As the 2019 Rugby World Cup gears up for a semi-final weekend that had been mooted as a milestone for the national team, Irish eyes instead are already looking towards a changing future.
The manager and captain have departed the stage, after the latest quarter-final defeat sparked yet another post-mortem on how best Ireland can look to get past what has become a psychological barrier 32 years in the making.
That responsibility will next fall on incoming head coach Andy Farrell, who in some eyes is already hampered by his involvement as part of Joe Schmidt’s backroom staff this time out.
Yet with some pundits advocating taking the long view and looking four years down the line, former Ireland team-mates Fergus McFadden and Luke Fitzgerald believe it’s not that simple for Farrell.
"With him taking over as head coach now, I’m sure he’ll just want to draw a line in the sand," McFadden said, speaking on The Left Wing, Independent.ie’s rugby podcast in association with Aldi.
"The attack shape he’s going to bring will inevitably be different. The backroom staff he’s going to bring in alongside him will obviously define what way the team is going to go on a defensive and attacking front.
"He’s been backed now as the head coach and going towards 2023, there’s so many good players in this country at the moment coming through on all four teams in the provinces that you’d like to think we’ll have a great chance by that time that comes around.
"But the Six Nations does come and a lot of the Irish public won’t look through binoculars and go ‘we’re going towards this point down the line to try and build towards 2023’. People want to see wins and buy tickets to go to the Aviva during the Six Nations to see good performances and wins. It is a tricky one to get right.
"I’ve no doubt that he will probably clear a couple of guys out that have been there a long time. Obviously the likes of Rory (Best) is finishing up but you just don’t know what way he’s going to go otherwise. He might try a load of new guys or he might mix and match but I can’t see him going with a similar team to what played the last day. It’s going to be a much-changed side, you’d imagine."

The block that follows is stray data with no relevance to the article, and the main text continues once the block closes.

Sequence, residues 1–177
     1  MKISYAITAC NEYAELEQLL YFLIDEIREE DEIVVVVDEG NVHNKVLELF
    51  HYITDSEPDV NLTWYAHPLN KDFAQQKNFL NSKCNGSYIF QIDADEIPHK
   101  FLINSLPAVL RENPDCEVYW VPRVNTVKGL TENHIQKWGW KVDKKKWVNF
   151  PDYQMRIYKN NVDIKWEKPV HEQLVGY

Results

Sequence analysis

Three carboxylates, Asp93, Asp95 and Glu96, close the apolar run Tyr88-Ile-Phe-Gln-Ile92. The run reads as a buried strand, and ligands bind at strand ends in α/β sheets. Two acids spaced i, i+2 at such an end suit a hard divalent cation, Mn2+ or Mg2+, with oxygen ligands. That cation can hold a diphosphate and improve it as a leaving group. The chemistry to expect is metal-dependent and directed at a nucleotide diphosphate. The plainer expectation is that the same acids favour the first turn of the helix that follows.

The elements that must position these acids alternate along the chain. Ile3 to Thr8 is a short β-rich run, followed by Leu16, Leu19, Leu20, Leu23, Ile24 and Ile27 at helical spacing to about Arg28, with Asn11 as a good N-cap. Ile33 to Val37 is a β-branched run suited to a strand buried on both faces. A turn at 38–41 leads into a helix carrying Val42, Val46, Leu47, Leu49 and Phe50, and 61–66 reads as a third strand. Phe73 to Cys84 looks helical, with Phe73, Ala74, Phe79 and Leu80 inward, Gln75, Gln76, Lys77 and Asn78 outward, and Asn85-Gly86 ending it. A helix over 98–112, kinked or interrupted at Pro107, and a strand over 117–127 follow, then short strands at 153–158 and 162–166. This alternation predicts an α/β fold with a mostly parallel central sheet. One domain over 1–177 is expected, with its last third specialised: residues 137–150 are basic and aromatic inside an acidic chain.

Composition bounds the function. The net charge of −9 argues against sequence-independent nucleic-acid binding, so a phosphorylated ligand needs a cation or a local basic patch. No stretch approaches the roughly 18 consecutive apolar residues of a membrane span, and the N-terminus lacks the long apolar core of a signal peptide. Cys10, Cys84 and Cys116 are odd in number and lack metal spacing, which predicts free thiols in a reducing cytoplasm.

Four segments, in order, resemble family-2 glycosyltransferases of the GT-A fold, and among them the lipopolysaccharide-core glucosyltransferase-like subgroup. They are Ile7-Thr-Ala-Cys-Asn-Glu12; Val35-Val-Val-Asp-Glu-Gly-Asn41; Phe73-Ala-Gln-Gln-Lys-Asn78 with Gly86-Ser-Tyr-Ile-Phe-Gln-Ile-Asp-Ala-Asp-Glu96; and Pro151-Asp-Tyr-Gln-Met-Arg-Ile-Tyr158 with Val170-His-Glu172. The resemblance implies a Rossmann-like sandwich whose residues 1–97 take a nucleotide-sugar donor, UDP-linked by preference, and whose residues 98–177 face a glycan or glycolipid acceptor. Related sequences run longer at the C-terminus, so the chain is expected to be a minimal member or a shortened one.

The fact that Farrell’s first game will be the Six Nations opener against Scotland at the Aviva on February 1st means the new boss will have to hit the ground running.
After all, it’s in that competition where Ireland’s recent triumphs have built what many thought would be the platform for successful World Cups attempts in 2011, 2015 and this year, but while Fitzgerald considers a change in approach may be needed to break the World Cup cycle of failure, he also believes that that any radical change in personnel will have to wait.
"I think those changes are going to be enforced. I wonder is this the area where we need to improve?," he added.
"You’re always going to say things like we can’t sacrifice the team or the results completely and financially the Six Nations is extremely important to the IRFU. They need to perform well there, all that money funnels down for the future of the game.
"But at some point, we have to say ‘what’s our goal here?' Is it to maintain a certain standard in the Six Nations or is it to try and get over this hurdle of the World Cup quarter-final? They’ve got to make a call on that at some stage.
"Do you start off in the Six Nations and go ‘right, complete overhaul, who can’t make it to the World Cup?’ These are the questions you have to ask.
"Johnny Sexton is by far our best 10 and best player. We don’t know if he’ll be at the next World Cup. He’s talking about it but it’s unlikely.
"What decision are they making? Are they going to do this now, anyone who can’t make it to the next World Cup we’re not going to consider you? I don’t think we can, we’re too small to do that."